“It goes back to the 2016 investigation of the Police Department by the Obama Justice Department that found that police officers were essentially leaving the training academy ill-equipped and unprepared to constitutionally police,” Cherone points out. “And part of the problem was that the current training facility is near Whitney Young High School on the near west side and it is essentially falling apart. So one of the recommendations in that report was for the City to build a new training facility. Mayor Rahm Emanuel said, “Yep, we’re going to do that.”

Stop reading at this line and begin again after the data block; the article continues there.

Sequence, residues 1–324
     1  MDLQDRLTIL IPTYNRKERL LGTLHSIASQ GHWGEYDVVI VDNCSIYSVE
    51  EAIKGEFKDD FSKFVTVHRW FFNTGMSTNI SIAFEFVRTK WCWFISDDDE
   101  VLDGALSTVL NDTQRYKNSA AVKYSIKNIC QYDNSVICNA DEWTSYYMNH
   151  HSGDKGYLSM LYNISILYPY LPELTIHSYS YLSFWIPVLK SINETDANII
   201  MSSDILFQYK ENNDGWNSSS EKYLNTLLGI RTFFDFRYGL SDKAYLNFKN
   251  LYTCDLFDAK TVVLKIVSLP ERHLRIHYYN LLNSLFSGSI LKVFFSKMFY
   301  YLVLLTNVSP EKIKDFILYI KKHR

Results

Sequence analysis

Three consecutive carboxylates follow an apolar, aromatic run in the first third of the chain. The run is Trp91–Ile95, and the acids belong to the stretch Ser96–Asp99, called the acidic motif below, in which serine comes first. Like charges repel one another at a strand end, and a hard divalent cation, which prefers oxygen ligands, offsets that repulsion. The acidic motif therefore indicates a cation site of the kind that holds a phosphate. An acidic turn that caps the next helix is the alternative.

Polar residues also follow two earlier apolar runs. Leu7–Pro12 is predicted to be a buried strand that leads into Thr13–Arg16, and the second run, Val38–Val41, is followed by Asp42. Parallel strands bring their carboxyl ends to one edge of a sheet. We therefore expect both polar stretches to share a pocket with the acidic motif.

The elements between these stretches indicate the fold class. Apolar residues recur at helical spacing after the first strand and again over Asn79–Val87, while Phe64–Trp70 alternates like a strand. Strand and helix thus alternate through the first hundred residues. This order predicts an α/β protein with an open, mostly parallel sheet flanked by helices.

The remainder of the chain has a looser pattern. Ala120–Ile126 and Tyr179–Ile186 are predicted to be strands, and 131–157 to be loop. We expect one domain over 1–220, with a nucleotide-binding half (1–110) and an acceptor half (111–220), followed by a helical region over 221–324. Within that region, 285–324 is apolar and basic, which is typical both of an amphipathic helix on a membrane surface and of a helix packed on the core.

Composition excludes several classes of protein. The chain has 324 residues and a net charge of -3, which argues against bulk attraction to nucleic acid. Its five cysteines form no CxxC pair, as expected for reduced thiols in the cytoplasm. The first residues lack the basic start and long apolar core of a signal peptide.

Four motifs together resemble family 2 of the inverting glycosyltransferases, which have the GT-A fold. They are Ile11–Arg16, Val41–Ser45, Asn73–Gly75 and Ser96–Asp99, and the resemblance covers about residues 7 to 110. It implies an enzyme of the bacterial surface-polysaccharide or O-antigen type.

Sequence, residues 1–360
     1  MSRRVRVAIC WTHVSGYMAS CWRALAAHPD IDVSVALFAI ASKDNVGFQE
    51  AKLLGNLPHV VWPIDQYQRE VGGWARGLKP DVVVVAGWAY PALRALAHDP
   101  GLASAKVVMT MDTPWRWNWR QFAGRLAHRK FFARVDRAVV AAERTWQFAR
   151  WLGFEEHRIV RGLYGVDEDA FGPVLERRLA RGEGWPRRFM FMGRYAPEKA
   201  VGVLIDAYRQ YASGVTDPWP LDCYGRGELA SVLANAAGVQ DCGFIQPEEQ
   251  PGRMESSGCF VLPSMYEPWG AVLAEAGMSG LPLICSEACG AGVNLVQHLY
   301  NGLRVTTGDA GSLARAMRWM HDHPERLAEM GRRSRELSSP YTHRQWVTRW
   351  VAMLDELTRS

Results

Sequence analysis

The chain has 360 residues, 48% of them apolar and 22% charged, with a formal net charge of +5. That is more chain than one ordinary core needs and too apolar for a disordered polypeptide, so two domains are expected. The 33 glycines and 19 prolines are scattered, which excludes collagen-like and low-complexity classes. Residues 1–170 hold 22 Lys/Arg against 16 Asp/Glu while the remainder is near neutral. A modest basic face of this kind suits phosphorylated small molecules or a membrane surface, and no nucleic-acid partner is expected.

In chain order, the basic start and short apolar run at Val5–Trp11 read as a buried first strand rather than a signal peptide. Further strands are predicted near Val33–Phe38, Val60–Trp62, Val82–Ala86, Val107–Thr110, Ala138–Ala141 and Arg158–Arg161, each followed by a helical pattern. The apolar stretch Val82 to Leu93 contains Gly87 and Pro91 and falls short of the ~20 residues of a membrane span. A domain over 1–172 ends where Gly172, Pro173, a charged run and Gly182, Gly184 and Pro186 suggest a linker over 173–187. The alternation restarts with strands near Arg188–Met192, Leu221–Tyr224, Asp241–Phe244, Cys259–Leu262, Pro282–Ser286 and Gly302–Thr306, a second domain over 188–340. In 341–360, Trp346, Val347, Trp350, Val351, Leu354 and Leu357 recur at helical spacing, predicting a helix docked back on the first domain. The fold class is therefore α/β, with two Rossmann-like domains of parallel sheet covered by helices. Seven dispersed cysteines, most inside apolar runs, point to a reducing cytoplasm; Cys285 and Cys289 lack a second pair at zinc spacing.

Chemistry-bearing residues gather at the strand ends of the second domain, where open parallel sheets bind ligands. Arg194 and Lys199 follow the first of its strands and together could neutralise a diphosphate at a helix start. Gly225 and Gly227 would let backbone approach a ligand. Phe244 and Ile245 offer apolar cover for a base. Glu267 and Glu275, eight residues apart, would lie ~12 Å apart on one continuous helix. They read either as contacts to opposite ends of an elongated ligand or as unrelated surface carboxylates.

Tony Arnold brings us up-to-date on the remarkable serial tragedy at the Illinois Veterans’ Home in Quincy. WBEZ reported that a Legionnaire’s disease outbreak occurred in 2015, killing 13 residents. One, they reported earlier this month, was Delores French. “She was living at the Veteran’s home in an independent living building and her husband who needed more care was in a separate building, so she was healthy other than the fact that she was deaf,” Arnold explains. “The coroner had found that there was severe decay in her body when she was discovered. In the hearings and the legislative hearings that came out of those initial stories the Director of Veteran’s Affairs ended up saying there’s documentation showing that that is not true. We asked to see that documentation and were told ‘no’, so the family of Delores French asked to see the documentation. They said, “Okay, but give us $100.” So they took the documentation and gave it to my colleague Dave McKinney who ended up writing that story saying that it turns out that there is documentation that shows that they visited Delores French’s room but she wasn’t there. It’s just that that was written after the body was found. And so the rules say that there needs to be record-keeping in this environment up-to-date, not written after the fact.”